Number of Scottish insolvencies during lockdown drops by 10%

The number of insolvencies in Scotland dropped by around 10% during lockdown, according to the BBC Shared Data Unit.

Number of Scottish insolvencies during lockdown drops by 10%

The decline in insolvencies, from 370 to 332 compared to the same period last year, came as businesses who received financial support from the UK Government throughout lockdown went into insolvency as they emerged from the lockdown period.

Data has indicated however, that around 5,000 firms across the UK have filed for insolvency since March, marking a decrease from the 6,500 recorded last year.

The UK government funding provided through initiatives such as the CBILS scheme meant that many firms went into effective hibernation during the period, The Scotsman reports. 

The decline also follows a spike in March at the start of lockdown.

Business experts have pointed to the billions of pounds of financial support and changes to insolvency law as the reason for the decline, however, many have warned that the real impact of COVID-19 is unlikely to surface for several months as firms try to adjust to social distancing and other pandemic related challenges.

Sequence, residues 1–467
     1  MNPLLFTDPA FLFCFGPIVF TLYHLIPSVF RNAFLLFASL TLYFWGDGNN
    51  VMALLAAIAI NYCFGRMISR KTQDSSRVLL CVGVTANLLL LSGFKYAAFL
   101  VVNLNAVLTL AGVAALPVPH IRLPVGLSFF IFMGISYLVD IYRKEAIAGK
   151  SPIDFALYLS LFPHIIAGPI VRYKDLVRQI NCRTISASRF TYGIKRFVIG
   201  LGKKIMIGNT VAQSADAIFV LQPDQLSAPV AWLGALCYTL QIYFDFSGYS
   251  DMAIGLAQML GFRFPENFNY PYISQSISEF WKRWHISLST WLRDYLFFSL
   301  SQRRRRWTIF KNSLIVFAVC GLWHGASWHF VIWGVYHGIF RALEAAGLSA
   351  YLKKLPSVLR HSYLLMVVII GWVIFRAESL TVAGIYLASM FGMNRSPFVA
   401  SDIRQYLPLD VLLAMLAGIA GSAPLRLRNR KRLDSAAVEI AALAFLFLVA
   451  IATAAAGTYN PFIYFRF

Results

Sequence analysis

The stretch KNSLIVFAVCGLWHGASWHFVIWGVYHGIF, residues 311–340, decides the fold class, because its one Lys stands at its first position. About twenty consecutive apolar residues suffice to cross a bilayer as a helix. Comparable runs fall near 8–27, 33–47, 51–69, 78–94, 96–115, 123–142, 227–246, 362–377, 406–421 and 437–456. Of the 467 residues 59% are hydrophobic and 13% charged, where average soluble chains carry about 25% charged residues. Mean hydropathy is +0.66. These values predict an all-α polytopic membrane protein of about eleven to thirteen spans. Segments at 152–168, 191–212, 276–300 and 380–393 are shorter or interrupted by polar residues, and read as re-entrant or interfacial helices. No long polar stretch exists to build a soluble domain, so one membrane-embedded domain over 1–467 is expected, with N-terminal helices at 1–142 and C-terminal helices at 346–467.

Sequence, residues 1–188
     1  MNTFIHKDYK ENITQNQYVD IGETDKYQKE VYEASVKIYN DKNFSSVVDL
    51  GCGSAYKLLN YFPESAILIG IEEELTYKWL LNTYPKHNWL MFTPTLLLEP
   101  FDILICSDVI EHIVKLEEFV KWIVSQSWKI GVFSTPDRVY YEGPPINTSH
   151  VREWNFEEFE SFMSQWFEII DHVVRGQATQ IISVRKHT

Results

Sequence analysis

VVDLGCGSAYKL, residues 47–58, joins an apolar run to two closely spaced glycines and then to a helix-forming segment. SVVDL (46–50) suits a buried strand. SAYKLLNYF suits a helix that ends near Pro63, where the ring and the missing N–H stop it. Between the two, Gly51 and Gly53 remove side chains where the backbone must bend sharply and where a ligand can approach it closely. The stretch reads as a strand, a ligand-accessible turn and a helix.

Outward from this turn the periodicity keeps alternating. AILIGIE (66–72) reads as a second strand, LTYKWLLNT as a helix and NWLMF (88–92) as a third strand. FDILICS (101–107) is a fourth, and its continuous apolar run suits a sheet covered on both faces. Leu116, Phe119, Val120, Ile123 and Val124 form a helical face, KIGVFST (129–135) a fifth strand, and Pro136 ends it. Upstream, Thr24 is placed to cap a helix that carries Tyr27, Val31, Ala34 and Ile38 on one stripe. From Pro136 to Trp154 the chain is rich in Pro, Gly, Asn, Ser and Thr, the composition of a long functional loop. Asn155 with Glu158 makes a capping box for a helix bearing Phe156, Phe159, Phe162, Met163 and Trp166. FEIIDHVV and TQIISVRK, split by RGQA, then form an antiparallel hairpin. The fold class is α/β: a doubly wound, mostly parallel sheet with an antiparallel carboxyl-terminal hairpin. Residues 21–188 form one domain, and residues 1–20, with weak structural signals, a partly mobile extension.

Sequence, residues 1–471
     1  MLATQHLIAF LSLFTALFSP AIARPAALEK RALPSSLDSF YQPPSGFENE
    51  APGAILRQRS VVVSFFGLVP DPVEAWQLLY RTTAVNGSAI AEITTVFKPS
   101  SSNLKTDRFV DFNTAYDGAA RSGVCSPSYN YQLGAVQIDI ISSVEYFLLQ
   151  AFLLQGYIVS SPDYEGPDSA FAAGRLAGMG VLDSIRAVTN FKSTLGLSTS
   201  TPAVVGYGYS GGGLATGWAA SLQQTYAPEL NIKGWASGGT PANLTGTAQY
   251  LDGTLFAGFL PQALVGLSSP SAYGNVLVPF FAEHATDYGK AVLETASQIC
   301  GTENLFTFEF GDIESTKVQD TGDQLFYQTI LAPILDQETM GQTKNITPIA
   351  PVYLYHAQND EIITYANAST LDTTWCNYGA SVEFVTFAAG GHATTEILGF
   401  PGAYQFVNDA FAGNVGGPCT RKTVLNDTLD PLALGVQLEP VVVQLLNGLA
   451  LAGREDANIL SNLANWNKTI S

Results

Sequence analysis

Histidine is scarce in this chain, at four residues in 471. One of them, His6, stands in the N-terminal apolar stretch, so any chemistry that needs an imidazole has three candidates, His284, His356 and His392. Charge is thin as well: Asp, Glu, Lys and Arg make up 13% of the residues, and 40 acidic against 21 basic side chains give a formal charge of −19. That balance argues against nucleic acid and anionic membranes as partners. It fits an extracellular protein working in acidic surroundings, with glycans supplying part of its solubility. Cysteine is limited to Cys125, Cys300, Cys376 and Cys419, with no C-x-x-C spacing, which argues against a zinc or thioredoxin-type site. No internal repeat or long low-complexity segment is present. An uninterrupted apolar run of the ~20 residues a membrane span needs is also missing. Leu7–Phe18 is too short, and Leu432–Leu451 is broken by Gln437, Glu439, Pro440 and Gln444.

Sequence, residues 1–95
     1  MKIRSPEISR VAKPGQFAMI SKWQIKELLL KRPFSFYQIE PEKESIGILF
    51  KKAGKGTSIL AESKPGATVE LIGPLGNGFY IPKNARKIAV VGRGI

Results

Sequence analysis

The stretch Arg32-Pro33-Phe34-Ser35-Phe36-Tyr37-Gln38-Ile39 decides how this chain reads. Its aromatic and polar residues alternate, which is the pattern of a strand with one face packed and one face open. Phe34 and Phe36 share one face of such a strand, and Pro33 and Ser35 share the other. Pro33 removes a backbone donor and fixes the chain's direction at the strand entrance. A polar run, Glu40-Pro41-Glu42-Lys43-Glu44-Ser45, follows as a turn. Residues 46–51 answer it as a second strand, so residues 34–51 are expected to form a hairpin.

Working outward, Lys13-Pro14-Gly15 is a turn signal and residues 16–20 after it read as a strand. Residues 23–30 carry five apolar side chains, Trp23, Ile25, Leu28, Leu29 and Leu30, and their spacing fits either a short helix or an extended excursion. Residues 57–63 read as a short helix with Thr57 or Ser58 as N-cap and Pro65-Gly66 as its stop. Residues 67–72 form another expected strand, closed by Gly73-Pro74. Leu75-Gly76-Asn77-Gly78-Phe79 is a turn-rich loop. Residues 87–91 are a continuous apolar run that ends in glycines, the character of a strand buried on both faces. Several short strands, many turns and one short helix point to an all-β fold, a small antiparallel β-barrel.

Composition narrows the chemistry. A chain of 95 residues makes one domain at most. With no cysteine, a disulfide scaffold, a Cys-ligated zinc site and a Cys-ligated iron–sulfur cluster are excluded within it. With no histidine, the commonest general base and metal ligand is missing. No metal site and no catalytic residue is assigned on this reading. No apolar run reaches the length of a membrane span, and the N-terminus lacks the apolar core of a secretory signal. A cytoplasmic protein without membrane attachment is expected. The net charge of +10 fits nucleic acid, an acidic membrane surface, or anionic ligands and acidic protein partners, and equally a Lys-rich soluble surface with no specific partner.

The number of UK insolvencies during lockdown, including the last week of March, was 5,699 compared to 7,124 last year, signalling a drop of 25%.

Andrew McRae, Federation of Small Businesses policy chair, said: “Our survey work shows that about half of all Scottish businesses closed their doors during the height of lockdown and about a third of those operators feared they may not re-open.

“Therefore, while insolvencies might be down on last year, it doesn’t look like this trend will last for long. The full scale of the damage to Scotland’s small business community caused by the coronavirus crisis won’t be clear for some time.

“But, if people up and down Scotland choose to support their local independent firms, and governments give small businesses the right help at the right time, then many more of them will make it through this torrid year than would do otherwise.”

Share icon
Share this article: